Ajahn Brahmali explains that in context, this sentence means ‘I grant (them) (their) life’.

I wonder if in another context, it could mean “I give/offer (someone, e.g. you) my life”? I’m thinking of Devadatta saying this to the Buddha. :grin:

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@Dheerayupa, I was suggesting that this would be a possibility in Pali, when there are two verbs with different subjects/ agents. Sorry I was too brief. :fearful:

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I am puzzled about two sentences from the answer keys for the translation into Pali exercise.
In these te is at the beginning of the sentence. Given this, I assume that it’s NOT an enclitic, since enclitics can’t begin sentences. So what is this te?

(te) iminā dvārena pavisanti
te upasaíkamitvā ime pañhe pucchāmi

Perhaps the plural demonstrative pronoun?
Nom/Acc te-tāni-tā
(I think this was discussed with Ven. Khemarato last week. I gave the example ‘te bhikkhū…’)

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Some quick answers:

Because Pali is a highly inflected language word order is very fluid.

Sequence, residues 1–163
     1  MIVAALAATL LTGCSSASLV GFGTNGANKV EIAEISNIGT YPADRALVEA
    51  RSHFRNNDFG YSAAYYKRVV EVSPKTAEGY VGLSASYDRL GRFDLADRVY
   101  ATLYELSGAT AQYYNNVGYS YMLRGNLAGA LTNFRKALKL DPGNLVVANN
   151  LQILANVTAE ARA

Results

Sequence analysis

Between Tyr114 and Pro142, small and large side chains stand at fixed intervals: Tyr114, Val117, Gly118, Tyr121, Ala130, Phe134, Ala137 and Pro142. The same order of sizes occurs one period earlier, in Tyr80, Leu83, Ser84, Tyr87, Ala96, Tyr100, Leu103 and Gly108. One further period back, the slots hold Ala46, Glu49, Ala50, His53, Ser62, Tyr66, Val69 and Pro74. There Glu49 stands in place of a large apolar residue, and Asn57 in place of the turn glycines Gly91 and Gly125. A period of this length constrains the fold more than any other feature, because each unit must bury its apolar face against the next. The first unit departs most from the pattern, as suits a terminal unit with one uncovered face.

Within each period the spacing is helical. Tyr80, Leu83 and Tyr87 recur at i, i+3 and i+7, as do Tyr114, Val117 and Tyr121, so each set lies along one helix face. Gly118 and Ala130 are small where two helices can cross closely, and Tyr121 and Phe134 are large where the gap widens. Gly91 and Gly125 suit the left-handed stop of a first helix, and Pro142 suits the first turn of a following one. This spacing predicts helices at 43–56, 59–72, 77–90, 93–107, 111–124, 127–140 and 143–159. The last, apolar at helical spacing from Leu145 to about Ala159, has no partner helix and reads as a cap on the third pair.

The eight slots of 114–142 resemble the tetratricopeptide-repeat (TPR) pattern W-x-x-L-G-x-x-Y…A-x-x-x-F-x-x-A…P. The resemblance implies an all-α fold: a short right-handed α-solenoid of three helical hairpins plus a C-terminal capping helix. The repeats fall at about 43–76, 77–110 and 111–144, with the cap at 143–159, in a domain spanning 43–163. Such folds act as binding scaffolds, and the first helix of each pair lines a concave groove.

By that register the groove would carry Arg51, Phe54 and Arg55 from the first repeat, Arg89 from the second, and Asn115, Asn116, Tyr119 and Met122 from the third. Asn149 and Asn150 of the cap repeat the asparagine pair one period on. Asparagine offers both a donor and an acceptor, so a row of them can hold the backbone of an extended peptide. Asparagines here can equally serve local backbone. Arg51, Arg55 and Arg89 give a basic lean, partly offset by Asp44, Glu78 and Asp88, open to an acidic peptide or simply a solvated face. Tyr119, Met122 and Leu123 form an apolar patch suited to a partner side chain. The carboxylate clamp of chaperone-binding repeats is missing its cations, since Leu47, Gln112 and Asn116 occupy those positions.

‘dānena’ is instrumental. Your example seems to be ablative, and ‘giving’ is also a different part of speech.

pakkamati means to go away, depart

Possible, but probably better to translate literally.

See 4. ‘Jayam’ is the present participle of jayati.

‘Brahmunā’ is the instrumental form of Brahma.

‘Avoca’ is the 3rd person sing aorist of vatti/vacati. ‘He said’.

‘Jhāyati’ is to meditate

‘gaccāma’ is 1st per. plu. of the verb gacchati. ‘We go’.

No, I don’t think so.


Please forgive me if I make a mistake that could confuse you further, @Gillian :grin:

@stephen please correct me if I’m wrong.

The question is to translate this sentence into Pali:

“Having approached them I ask these questions”

My formula (parsing the sentence) :grin: = te (masculine plural pronoun, accusative) + upasaṃkamitvā (upasaṅkamati in absolutive = indeclinable) + imāni / ime (idaṃ demonstrative adjective for neuter plural) + pañhāni / pañhe (neuter, accusative plural) + pucchāmi (pucchati in present indicative, 1st person singular)